If you like lighter games, or want something you can play with your (older) kids, New Bedford was my favorite new game in 2016. There are endless games that have players build out a town and collect money from other players who use those buildings, but in New Bedford, that’s just a means to a bigger end: You’re going whaling. Each player gets two ships to send out for one to six turns, and on every turn where you have a ship out at sea, you get a random tile draw to see if you caught a whale, which are worth points. But keeping a whale for points at the end of the game requires money to pay the dockworkers to get that sucker off your ship, so the real key to New Bedford is balancing your income with your effort to load up your ships with supplies. $33, Available on Amazon.
I’ve posted a ranking of two-player games for the past few years because I often get asked for suggestions, typically from new parents who want a simple game to play with each other after the kids are in bed.
Jaipur is my go-to recommendation for a couples game because it’s the perfect weeknight option, especially for folks who are a little sleep-deprived because their kids are still up twice a night. It’s strictly a two-player game involving a deck and a handful of bonus tokens. Each player keeps a hand of cards and is trying to collect sets in the same colors as the tokens (silver, gold, etc) to claim more of those tokens than the other player. Your options on each turn are somewhat limited — take some cards from the table, swap some of the camel cards (sort of the wild card of Jaipur), or claim some tokens — so turns are quick, as are complete games. We usually play a best of three because of how fast the games move. It’s also very portable, for those of you who travel often as families. $25, Available on Amazon.
If you want a two-player game that’s a little higher-strategy, Reiner Knizia’s Battle Line, which is also known as Schotten Totten (same game with new artwork), takes a little more time and lot more room on the table, even though the entire game is really just a deck of cards and a few flags to indicate where to play cards to the table. Each player is trying to claim either five of the nine flags, or three flags next to each other, by playing a combination of three cards next to a flag that’s worth more than the opponent’s three cards on the other side of that same flag. Scoring combinations are reminiscent of poker, so three straight cards in the same color is worth the most, but you can also score a straight in different colors, or three cards in the same color, or three cards of the same numeric value. There’s a lot of luck involved here, because you can spend all game waiting for that green four to show up in the deck, only to discover at the end that your wife had it all along and was quietly taunting you in her head as she watched you turn various shades of pink looking for it. $20, Available on Amazon.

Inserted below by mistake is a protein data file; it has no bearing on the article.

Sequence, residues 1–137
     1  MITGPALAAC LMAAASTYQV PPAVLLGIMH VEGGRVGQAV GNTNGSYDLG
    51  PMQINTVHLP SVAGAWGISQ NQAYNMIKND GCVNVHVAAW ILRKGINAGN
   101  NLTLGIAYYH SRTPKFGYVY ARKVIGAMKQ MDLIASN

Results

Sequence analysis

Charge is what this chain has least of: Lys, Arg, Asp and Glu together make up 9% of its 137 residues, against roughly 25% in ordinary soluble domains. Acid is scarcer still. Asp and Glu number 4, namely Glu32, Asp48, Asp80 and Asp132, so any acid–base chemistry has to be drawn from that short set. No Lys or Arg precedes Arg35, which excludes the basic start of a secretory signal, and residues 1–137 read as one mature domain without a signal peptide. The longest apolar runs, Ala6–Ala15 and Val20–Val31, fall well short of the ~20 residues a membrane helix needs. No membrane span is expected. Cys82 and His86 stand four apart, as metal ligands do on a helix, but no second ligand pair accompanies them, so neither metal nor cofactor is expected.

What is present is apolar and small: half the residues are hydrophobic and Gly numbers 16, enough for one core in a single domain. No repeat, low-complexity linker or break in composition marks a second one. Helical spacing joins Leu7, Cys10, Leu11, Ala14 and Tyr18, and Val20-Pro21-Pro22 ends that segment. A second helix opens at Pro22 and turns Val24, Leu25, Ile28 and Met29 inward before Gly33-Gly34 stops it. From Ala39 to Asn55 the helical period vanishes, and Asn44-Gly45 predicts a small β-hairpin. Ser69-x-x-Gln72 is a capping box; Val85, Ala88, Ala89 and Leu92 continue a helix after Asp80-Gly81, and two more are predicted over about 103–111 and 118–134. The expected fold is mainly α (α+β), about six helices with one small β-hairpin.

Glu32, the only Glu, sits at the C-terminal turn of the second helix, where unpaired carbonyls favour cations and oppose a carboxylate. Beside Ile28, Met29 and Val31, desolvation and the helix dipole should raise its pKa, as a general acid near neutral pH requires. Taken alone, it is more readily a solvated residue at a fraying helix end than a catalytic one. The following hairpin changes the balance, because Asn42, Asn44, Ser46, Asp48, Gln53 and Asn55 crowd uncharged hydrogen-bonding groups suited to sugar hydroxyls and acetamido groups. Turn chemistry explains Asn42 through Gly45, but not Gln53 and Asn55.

My favorite new two-player game this year was 7 Ronin, which is unusual for the genre in that it’s asymmetrical — the two players take specific roles with different pieces and rules. The game is heavily based on Akira Kurosawa’s classic film The Seven Samurai, with one player playing the bandits attacking the village and the other controlling the seven warriors hired to defend it. There’s a time element to the game as well, with the bandits peaking in power in mid-game and the ronin player trying to survive to the final rounds. It’s a little longer than the other two games I mentioned here, taking maybe a half hour in total, but, I mean, it’s ninjas versus samurais. If you can’t get up for that, I can’t help you. $21, Available on Amazon.
Games to play with your kids
We’re a board game house, so my daughter first started playing with us when she was about four. We went through a brief period of Candyland (the perfect game if you want to teach your kids that life is pointless and random) and The Very Hungry Caterpillar game, but once she was old enough to follow basic rules, we made those disappear and moved her up to more stimulating titles like these.
Ticket to Ride
Ticket to Ride was the first ‘adult’ board game we could play fully with her, because it has the fastest rules to learn of any decent game we’ve tried. The base game has a map of the U.S. and Canada with various cities connected by one or two routes in specific colors, and you can claim a route by playing the correct number of train cards, collected two per turn, in the correct color. You score most of your points by completing your own private route cards that ask you to connect two cities on the map, such as New York to San Francisco or Winnipeg to Houston. It’s very straightforward, and to play it kids only have to be able to read the city names (enough to match their cards) and collect colors. The game has become a franchise now, with separate maps sold for Europe, Asia, Switzerland, and the Nordics, as well as an expansion for the base game with bigger train cards and more route options. $48, Available on Amazon.